Samuel turns to crowdfunding to finance law studies
A suggestion has been put forward to prospective and current students of the University of the West Indies (UWI) to seek crowdfunding to pay for their studies.
The proposal has come from Shalisha Samuel, 31, who is sourcing funds from the public to pay for a bar professional training course in the United Kingdom.
The aspiring lawyer told Barbados TODAY she started the process last December on the website generosity.com to raise the approximately £15,480 she needed for the nine-month course and has raised just over US$4,000 so far.
“I haven’t got all the funds as yet but the fundraising itself is doing very well, particularly as of very recent,” she said.
“I know it is an unusual approach, I know some people could be very uncomfortable about it because it is public asking, but I think we have come to a point now where in some respect, we don’t have a choice. So the pride, the ego, and ‘that is not the first choice of how I want to pay for my studies’, we have to kind of put that aside. You have a goal and this is an avenue for you to achieve your goal,” Samuel said.
In a reference to Government’s decision to have Barbadian pursuing studies at the campuses of the University of the West Indies pay tuition fees from 2014, she said there had been “a certain cushion in terms of education” for some time and once a shift was made in the way education was funded “it is going to change the dynamics of the society”.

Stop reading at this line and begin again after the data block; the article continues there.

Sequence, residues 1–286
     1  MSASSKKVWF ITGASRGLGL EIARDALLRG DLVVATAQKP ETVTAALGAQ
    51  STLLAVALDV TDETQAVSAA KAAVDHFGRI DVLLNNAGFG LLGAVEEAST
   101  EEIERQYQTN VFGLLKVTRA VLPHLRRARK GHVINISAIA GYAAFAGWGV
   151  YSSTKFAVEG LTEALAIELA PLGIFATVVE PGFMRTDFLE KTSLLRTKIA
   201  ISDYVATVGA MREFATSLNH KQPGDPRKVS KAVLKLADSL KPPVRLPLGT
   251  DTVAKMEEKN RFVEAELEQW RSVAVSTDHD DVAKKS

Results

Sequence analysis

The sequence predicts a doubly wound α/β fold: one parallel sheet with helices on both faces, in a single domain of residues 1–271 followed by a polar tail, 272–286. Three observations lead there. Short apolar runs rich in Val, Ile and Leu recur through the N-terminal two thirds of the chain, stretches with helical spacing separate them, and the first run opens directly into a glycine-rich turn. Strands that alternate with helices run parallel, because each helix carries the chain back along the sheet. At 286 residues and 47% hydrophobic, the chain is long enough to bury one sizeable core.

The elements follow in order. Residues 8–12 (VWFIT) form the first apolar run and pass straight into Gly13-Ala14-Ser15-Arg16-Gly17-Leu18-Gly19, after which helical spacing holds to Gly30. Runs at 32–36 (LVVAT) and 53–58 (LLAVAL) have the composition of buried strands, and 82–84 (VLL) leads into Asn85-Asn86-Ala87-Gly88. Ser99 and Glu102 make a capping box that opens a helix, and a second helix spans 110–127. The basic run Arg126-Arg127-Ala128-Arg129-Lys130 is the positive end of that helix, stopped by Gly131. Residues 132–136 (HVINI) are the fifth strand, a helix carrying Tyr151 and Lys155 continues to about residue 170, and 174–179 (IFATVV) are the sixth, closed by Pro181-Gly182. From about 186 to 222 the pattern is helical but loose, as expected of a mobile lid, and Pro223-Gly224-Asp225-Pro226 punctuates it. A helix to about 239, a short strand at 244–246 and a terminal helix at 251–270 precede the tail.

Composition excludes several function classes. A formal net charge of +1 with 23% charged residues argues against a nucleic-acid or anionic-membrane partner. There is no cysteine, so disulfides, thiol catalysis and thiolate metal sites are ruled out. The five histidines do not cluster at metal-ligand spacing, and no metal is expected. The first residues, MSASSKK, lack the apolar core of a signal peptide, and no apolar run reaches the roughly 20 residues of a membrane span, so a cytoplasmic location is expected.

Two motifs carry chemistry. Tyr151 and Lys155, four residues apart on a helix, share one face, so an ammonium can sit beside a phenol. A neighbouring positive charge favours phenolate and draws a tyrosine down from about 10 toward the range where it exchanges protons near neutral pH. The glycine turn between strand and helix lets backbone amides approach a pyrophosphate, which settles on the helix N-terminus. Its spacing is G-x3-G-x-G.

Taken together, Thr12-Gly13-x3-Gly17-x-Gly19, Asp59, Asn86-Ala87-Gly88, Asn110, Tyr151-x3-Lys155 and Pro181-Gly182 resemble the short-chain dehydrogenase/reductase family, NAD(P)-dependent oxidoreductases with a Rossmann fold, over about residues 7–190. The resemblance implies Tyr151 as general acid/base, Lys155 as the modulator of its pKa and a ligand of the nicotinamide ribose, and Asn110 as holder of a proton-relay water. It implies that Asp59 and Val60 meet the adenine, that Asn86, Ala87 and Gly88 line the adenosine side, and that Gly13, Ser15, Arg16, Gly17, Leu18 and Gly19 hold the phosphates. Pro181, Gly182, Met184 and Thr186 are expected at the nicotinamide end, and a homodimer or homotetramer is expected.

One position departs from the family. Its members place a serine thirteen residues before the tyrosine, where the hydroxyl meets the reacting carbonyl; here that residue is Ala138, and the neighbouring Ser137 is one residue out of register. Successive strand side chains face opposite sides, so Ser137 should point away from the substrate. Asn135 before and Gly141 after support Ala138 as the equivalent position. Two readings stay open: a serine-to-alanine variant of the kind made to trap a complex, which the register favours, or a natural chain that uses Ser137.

“So it is best we do as much as we can right now when we can to ensure that more students go to university and that those that are already there can stay there. So it is definitely a good road for those who do not have adequate financing to pursue or continue their studies.
“The good thing is that Cave Hill and our universities are not expensive and particularly for Barbadian students it is not going to be the same amount [as I am seeking]. It is quite possible that my nine-month programme will cost the same perhaps as that of a four-year degree. It all depends,” she said, adding that it would also be useful to seek other forms of funding, including loans.
Samuel said while she understood it
was difficult for Government to continue to fund education given the state of the economy, the change could have been a smoother one.
“To wake up one day and get this news of an instant shift it could be quite tough. I know a lot of people who were planning and ready to go university but say they cannot do this at all. So I think it would have been great if there was a smooth transition,” she said.
“The time has gone, but I believe if we had more knowledge earlier that we would have to make these financial decisions . . . the people could have had more preparation,” she added.
She said it might be some time before crowdfunding was accepted as a means of financial education, adding that those she spoke with agreed it was an avenue some could pursue, but they were “a little bit hesitant” because “the society does not promote public asking unless in the case of a [catastrophe]”.
However, Samuel said she was prompted to pursue that course because she did not have the money and was unable to access a loan.
“I want to definitely attend law school. I don’t want to be held back by it, and I did not necessarily see my financial situation changing so much within even a few years of working . . . so I just decided I will just do it,” Samuel said.